Christmas is usually the time to eat a lot, and not precisely in the healthiest way. And in Finland, a well developed country where all kinds of delicacies abound in shops and supermarkets, it is worth not forgetting some recommendations so that the excess of sweets or fats on these special dates does not harm health.
Cholesterol levels among Finns are very high. Around 55% of the Finnish population have a total cholesterol level above the recommended 5 mmol/l.
The most important factors affecting cholesterol levels are the amount and quantity of fat they consume as part of their diet. One third of all Finns eat more fats than is recommended. While the amount of hard saturated fats consumed has not increased, more than 90% of the Finnish people exceed the recommended intake, which equates to less than 10% of the total daily energy.
These are the findings of the FinHealth 2017 study, recently published by the Finnish National Institute for Health and Welfare (Terveyden ja hyvinvoinnin laitos), that examined the factors affecting the health and well being of all adults living in Finland.
The good news is that cholesterol levels have fallen slightly after the increase seen in 2007-2012. High cholesterol is one of the most significant risk factors for cardiovascular disease.
According to the FinHealth 2017 study, almost 70% of 30–74 year old myocardial infarction patients and patients with coronary heart disease were on cholesterol medication.
The study also revealed that 41% of men and 9% of women were at high risk (more than 10% probability) of experiencing an acute cardiovascular event within the next ten years. Of these men and women, more than 60% had a total cholesterol level of 5 mmol/l or higher.
Changes in nutrition required
The National Institute for Health and Welfare emphasized that Finnish cholesterol levels are still relatively high, although they have fallen significantly since the late 1970s. Having previously been in long-term decline, the total intake of fat, especially saturated fatty acids, started to rise after 2007. At that time, there was a lively debate about a low-carbohydrate diet.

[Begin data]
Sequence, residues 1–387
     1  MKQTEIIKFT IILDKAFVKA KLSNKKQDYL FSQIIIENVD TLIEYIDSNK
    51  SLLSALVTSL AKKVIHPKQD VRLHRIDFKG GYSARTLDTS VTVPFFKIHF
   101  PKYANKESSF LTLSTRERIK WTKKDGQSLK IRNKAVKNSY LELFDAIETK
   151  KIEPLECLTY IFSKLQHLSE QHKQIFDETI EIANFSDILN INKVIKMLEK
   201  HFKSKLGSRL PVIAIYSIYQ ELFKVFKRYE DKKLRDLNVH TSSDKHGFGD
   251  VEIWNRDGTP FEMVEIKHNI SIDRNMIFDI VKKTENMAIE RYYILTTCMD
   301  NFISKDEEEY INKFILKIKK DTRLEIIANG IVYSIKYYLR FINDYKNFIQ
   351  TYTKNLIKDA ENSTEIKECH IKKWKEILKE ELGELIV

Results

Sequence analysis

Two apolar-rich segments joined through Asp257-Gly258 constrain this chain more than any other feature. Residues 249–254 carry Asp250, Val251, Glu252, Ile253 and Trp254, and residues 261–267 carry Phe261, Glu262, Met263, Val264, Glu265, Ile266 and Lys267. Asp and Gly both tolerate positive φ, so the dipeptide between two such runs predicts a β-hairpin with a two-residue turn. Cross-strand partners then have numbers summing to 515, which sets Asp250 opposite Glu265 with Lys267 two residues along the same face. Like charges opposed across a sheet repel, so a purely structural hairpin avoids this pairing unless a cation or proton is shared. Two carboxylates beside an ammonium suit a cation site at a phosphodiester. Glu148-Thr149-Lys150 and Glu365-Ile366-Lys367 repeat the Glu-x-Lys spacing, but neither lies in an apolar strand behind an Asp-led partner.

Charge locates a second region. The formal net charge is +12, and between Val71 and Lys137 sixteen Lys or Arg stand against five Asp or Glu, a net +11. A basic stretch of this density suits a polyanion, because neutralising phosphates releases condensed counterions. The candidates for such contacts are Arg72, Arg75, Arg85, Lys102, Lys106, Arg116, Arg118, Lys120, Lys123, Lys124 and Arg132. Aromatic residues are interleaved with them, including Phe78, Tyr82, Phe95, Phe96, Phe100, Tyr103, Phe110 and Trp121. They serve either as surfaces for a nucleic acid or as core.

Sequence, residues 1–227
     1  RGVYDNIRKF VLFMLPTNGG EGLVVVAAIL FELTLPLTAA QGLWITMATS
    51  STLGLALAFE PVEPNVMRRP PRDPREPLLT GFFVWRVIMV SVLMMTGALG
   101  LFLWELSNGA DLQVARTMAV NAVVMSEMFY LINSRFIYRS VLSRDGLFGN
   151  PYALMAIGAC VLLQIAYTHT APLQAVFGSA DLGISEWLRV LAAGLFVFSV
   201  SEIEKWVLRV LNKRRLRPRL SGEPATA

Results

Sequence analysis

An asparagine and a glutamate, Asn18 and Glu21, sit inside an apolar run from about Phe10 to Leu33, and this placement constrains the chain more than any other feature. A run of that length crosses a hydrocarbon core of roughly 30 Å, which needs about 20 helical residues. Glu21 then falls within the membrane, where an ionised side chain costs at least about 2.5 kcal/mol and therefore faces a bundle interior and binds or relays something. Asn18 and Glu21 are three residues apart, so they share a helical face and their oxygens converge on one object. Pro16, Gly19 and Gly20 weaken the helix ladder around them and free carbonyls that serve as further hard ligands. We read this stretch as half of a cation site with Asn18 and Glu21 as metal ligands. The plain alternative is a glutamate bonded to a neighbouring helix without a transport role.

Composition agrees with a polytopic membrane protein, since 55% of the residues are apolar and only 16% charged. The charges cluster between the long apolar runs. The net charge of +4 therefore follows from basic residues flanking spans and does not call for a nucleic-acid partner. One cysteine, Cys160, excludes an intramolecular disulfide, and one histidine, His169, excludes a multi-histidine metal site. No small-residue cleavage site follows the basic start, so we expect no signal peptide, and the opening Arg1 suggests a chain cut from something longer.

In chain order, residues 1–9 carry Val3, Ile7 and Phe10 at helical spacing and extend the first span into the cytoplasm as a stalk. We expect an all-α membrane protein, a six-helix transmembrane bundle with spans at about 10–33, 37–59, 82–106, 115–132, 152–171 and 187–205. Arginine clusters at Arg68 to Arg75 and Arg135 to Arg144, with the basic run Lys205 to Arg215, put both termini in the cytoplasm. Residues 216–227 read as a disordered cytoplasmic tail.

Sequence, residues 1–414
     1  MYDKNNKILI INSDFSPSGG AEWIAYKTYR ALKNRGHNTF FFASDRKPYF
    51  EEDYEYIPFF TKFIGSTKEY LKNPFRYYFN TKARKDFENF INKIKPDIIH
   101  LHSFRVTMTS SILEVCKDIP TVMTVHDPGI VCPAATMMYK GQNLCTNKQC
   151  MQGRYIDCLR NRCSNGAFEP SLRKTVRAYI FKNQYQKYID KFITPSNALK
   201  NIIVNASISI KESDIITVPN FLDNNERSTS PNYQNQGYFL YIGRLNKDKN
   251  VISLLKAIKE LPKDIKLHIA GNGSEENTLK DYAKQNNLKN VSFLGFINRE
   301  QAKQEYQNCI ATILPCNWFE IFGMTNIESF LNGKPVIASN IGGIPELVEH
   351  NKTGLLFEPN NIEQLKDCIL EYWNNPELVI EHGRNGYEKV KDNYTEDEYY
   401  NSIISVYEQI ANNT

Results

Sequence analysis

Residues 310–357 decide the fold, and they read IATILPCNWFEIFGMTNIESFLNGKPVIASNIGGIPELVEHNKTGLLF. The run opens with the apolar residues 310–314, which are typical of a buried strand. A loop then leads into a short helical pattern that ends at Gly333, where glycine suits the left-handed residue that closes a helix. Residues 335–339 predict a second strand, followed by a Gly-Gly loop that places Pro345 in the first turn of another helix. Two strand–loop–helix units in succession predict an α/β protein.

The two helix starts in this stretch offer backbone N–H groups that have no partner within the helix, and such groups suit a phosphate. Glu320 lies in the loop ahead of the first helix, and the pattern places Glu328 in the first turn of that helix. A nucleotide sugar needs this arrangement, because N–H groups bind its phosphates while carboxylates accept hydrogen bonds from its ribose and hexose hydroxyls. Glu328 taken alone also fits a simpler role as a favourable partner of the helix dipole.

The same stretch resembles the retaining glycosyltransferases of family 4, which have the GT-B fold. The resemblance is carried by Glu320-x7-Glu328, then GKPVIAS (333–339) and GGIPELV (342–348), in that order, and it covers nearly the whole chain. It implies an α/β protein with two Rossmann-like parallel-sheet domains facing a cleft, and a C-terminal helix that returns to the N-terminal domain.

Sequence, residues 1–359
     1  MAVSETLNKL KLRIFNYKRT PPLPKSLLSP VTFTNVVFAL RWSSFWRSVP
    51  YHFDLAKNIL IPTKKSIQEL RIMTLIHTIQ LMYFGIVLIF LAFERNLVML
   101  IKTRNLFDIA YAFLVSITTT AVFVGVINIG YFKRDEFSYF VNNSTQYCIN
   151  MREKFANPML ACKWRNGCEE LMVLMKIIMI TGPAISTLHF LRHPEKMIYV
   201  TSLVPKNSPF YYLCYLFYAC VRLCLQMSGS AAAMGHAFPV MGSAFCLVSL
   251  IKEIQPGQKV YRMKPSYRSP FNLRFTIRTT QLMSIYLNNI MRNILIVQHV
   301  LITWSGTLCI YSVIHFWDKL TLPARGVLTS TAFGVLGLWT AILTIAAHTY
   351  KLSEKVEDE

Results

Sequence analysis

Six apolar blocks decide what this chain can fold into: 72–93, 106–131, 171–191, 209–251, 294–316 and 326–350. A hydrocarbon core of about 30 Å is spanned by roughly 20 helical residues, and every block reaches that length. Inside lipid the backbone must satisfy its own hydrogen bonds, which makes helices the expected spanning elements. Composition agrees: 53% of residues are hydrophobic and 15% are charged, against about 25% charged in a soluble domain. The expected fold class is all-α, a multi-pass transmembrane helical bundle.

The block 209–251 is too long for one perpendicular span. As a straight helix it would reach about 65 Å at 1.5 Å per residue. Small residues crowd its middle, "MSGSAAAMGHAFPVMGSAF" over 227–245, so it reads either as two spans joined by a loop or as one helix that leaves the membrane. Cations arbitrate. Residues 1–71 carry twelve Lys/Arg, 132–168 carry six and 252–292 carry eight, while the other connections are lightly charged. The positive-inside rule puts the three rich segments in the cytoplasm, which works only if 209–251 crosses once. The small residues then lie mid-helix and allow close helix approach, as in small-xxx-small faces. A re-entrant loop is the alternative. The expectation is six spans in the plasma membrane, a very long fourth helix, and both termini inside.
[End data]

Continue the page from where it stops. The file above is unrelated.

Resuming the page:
Effective prevention of heart disease requires changes in the diet at the population level, which in practice means a reduction in hard or saturated fats and an increase in soft or polyunsaturated fats.
“The saturated fat content of the population level energy intake should not exceed 10% of the total energy. On top of people's individual dietary choices, this will require major production changes in the agricultural and food industries,” says Liisa Valsta, Research Manager at the Finnish Institute for Health and Welfare.
In terms of treating men with heart disease, the proportion of those on medication intended to lower fat levels is already quite good. However, there is still scope to increase the amount of cholesterol medication being prescribed, especially in women.
“Particular attention should be paid to those at high risk of illness, in other words, those who have multiple risk factors for heart disease. Too many of them have high cholesterol. Both nutritional advice and medication should be made more effective,” says Research Professor Tiina Laatikainen.
Reducing cardiovascular mortality by 25%
The World Health Organization (WHO) has set an international target of a 25% reduction in cardiovascular mortality by 2025. One of the risk factors for cardiovascular disease, cholesterol levels, are particularly raised by high levels of saturated fat. The WHO recommends population monitoring of the proportion of saturated fat in energy intake and of those whose cholesterol level is above the recommended 5 mmol/l.
The WHO also aims to ensure that as many people at high risk of developing cardiovascular disease as possible receive lifestyle counselling and the necessary medical treatment.
Nine global targets for 2025, current midway evaluations of Finland’s status
The World Health Organization (WHO) published its Global Action Plan for the Prevention and Control of Noncommunicable Diseases in 2013. The programme includes proposals on health policy and practical action aimed at reaching nine targets by 2025.
The goals apply to the following topics: mortality from endemic diseases, alcohol, exercise, smoking, blood pressure, cholesterol, type 2 diabetes, ability to function, and mental health. Achieving the targets is tracked using 25 indicators.
THL is reporting on the possibilities and preconditions for achieving the WHO goals in Finland and will publish interim results on how well the targets have been reached.